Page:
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And then with your net leverage closing in on your target of 2x, how are you thinking about free cash flow deployment this year beyond debt reduction? Do you have an active M&A pipeline? Or would you consider share repurchases?

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Wolfgang H. Dangel, Helios Technologies, Inc. - President, CEO & Director [21]

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Yes. I mean we want to be consistent with the messaging of last year. So getting below a ratio of 2 as far as net debt to adjusted EBITDA is concerned is pivotal. So we are -- we will continue and use the free cash flow generation to delever the company. Irrespective of that, I mean, we have an ongoing M&A process in place where we continuously look at companies and evaluate businesses. But delevering at this point in time is still high up on the agenda here.

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Operator [22]

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Our next question comes from Mig Dobre of Robert W. Baird & Co.

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Mircea Dobre, Robert W. Baird & Co. Incorporated, Research Division - Associate Director of Research and Senior Research Analyst [23]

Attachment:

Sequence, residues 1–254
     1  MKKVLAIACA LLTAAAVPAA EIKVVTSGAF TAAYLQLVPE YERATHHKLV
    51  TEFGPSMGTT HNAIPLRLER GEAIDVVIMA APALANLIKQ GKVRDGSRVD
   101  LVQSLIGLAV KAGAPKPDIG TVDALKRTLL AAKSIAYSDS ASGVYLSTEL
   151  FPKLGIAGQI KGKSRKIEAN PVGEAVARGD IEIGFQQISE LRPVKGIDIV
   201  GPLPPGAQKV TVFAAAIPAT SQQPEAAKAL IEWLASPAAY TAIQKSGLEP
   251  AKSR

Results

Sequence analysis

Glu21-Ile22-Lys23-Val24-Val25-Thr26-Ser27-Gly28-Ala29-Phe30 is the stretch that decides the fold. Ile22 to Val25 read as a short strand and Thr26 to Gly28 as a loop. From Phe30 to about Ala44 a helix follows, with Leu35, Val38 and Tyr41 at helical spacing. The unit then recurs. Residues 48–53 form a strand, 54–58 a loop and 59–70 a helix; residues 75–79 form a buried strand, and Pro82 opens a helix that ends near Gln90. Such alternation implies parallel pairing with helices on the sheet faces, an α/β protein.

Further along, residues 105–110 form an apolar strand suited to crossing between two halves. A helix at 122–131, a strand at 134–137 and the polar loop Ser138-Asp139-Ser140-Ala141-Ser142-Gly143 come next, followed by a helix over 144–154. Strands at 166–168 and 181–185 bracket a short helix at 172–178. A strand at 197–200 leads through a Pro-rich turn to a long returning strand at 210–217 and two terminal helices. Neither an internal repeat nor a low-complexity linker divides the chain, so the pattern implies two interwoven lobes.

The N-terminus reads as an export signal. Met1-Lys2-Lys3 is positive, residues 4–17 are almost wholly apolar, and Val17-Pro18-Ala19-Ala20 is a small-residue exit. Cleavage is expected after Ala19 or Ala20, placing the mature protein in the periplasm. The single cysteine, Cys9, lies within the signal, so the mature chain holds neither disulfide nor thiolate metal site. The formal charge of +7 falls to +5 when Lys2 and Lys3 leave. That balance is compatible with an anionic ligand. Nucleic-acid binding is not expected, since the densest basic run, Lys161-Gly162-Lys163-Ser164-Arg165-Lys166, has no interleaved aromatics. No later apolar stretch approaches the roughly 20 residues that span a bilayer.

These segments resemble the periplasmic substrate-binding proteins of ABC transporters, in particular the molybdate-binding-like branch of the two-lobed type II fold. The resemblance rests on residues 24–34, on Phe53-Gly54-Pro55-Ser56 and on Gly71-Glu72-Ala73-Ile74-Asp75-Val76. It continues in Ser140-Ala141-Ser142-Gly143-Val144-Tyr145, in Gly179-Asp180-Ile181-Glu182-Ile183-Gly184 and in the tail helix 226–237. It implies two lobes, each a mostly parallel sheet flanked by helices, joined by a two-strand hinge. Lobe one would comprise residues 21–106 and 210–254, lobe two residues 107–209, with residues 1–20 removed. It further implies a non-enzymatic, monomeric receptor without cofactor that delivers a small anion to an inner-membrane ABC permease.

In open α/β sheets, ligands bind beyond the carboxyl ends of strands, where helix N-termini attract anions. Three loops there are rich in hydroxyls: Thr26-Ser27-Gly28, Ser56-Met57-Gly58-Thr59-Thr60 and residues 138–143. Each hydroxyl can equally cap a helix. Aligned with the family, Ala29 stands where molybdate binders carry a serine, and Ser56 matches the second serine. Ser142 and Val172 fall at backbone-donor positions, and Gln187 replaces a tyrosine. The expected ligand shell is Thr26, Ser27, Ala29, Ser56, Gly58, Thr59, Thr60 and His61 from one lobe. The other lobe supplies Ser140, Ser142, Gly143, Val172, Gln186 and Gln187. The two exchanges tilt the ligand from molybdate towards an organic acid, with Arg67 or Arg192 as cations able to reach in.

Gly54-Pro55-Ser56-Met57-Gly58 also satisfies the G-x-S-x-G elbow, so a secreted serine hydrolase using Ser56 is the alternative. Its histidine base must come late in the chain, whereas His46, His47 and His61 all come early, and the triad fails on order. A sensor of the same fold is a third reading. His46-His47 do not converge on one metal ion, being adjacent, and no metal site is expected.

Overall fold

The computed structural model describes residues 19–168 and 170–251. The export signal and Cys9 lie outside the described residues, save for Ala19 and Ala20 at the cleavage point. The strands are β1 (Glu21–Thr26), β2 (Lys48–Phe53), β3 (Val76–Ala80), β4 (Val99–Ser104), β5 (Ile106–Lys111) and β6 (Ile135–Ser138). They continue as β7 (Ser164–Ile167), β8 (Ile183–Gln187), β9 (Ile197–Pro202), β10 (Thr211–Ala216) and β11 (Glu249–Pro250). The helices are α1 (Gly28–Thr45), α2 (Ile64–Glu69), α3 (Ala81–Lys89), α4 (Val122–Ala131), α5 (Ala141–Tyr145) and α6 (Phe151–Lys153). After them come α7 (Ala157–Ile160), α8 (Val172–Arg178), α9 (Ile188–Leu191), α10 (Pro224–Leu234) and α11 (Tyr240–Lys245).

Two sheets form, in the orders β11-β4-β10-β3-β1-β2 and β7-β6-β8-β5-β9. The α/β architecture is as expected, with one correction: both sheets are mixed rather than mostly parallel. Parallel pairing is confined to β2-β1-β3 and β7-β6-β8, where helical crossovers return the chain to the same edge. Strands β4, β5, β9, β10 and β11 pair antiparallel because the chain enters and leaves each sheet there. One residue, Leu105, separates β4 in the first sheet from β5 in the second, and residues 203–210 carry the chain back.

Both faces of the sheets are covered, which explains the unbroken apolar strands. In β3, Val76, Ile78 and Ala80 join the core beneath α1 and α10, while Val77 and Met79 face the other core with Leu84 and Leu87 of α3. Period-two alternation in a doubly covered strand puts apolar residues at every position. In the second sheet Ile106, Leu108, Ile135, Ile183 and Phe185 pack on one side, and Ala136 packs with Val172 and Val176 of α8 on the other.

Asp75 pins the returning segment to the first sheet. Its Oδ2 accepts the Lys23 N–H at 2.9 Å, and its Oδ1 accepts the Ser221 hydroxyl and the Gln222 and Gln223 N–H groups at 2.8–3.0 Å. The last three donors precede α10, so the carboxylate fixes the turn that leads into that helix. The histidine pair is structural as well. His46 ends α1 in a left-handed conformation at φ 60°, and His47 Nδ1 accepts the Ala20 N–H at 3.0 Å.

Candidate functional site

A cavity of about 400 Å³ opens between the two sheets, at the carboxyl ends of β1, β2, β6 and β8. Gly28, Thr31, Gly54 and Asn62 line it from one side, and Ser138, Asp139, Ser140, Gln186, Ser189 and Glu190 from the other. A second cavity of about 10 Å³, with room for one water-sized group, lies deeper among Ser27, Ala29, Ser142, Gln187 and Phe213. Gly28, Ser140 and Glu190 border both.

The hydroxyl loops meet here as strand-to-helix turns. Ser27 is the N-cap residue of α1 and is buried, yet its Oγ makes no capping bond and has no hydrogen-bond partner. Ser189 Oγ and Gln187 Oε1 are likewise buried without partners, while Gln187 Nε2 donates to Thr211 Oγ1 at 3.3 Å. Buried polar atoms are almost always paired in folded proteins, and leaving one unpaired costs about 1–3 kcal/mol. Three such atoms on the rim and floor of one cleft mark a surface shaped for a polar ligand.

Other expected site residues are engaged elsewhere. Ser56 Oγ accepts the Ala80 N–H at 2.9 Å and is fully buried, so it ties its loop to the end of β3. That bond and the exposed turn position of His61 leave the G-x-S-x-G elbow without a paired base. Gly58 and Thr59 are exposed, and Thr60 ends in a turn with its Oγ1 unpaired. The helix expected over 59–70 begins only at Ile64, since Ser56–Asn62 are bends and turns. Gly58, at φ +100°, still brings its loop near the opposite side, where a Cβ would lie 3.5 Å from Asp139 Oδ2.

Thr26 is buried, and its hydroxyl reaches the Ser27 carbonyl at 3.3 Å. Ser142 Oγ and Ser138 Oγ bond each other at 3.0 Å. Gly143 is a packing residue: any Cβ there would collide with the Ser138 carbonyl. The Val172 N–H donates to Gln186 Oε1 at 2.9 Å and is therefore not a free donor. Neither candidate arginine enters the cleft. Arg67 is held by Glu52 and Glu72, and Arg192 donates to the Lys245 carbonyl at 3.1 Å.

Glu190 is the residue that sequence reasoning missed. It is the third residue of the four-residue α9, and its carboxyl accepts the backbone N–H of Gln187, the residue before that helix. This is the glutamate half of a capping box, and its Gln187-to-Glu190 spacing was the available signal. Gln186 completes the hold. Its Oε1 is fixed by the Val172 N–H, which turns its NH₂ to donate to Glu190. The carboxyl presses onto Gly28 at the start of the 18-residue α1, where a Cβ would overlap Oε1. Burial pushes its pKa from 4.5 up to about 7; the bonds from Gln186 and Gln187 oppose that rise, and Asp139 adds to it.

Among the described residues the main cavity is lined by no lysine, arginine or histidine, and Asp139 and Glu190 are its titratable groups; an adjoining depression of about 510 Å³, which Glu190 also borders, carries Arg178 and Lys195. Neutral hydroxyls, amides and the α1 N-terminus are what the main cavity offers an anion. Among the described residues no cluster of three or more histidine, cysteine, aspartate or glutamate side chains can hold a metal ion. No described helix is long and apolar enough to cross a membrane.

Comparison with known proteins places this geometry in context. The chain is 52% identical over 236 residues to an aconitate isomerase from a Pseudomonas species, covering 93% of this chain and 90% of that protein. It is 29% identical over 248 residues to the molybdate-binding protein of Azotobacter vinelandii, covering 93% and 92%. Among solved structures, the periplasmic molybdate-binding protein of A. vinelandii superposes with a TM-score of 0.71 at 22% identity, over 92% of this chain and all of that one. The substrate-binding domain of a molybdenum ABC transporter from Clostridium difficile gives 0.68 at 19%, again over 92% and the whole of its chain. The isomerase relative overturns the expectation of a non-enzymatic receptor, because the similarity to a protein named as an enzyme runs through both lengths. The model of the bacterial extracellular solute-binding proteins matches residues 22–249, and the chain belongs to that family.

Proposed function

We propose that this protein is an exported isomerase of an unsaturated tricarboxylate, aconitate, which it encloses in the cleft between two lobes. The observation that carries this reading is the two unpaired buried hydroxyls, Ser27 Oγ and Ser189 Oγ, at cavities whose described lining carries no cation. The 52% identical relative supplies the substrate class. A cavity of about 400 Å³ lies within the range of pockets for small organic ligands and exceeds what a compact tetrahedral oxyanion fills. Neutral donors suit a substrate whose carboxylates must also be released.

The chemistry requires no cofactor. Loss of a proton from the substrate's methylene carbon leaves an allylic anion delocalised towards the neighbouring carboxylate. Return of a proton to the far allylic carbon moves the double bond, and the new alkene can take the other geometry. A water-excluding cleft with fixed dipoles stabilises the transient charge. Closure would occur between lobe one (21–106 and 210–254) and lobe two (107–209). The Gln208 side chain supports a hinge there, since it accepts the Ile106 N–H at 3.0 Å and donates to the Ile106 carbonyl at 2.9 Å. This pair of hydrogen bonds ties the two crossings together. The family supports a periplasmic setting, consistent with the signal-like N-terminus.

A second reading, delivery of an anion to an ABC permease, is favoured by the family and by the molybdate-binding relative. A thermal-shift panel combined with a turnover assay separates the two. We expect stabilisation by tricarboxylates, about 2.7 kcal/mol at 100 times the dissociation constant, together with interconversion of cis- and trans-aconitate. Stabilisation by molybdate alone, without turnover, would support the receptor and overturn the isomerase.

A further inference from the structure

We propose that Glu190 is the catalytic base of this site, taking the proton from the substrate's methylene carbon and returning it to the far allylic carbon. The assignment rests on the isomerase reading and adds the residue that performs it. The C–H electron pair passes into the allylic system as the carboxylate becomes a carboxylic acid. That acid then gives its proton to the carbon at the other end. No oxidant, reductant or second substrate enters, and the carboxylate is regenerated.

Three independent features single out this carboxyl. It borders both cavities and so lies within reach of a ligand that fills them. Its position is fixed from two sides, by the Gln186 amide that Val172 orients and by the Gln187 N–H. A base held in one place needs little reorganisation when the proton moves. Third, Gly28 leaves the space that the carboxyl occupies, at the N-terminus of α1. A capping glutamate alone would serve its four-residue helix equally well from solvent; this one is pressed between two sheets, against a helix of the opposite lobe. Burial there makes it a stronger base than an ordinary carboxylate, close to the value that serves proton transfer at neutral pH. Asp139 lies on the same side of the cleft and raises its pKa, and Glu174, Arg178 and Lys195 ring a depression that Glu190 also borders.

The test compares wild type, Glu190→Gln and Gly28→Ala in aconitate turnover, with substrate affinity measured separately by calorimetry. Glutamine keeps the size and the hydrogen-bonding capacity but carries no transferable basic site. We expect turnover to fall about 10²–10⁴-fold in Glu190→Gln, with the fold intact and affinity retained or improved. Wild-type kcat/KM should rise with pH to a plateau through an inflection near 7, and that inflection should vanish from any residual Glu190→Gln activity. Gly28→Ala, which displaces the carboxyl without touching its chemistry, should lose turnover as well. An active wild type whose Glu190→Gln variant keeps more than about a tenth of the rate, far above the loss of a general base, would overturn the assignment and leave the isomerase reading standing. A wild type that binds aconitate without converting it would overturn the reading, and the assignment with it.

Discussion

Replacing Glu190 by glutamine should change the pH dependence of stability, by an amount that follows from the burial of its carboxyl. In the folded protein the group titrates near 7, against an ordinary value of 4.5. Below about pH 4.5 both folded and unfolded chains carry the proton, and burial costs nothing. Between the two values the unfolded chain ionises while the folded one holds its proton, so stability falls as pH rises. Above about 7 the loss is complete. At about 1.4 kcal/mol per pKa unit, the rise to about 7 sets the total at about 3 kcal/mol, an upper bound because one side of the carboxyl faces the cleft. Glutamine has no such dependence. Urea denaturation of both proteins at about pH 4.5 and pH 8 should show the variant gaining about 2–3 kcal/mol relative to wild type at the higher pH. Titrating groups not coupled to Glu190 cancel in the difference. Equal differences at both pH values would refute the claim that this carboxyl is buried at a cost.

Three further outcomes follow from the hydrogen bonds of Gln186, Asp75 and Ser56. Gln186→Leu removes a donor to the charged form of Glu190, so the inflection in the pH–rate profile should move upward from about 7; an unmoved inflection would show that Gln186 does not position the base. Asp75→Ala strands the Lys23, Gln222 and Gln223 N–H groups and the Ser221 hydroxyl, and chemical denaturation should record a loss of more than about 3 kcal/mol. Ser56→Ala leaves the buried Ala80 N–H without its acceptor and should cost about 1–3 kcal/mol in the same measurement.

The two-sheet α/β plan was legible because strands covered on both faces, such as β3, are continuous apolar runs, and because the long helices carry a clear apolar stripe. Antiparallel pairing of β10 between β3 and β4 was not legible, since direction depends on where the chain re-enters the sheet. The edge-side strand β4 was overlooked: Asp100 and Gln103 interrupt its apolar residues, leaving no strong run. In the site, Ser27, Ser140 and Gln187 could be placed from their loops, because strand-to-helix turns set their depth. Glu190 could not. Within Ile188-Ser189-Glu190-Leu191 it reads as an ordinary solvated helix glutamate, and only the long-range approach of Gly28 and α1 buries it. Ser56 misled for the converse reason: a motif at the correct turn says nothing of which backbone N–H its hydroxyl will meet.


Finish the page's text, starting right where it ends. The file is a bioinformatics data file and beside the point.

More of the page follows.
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A few questions on Hydraulics first. Can you comment at all on when you -- on where you stand from a backlog standpoint? And I guess, why I'm curious is when we're looking at 2019 to call it $443 million of revenue, how much of that revenue would you say was associated with you being able to convert on the backlog build? Or put differently, how much of that revenue do you think is associated with the backlog decline through 2019 just kind of level set us into 2020?

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Wolfgang H. Dangel, Helios Technologies, Inc. - President, CEO & Director [24]

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Yes, I think from a backlog perspective, Mig, I think we're exactly in line with what we told you already 2 quarters ago. We've had backlog based on what we could see and based on softening in the economy and expected order intake. We can foresee that backlog is still supporting revenue generation in Q1, maybe marginally into Q2 as well. And I think what we have seen over the last couple of weeks or last couple of months was exactly in line with that statement. So backlog, overall, obviously, is depleting because the order environment is soft and coronavirus situation is not helping, as I said. I mean we have 9% of revenue tied to Chinese customers, that was a specific geography where we have won quite some market share and they've done exceptionally well over the last 3, 4 years. So backlog is depleting, but it's -- I still expect it to support Hydraulics revenue in Q1 and maybe even leading into Q2.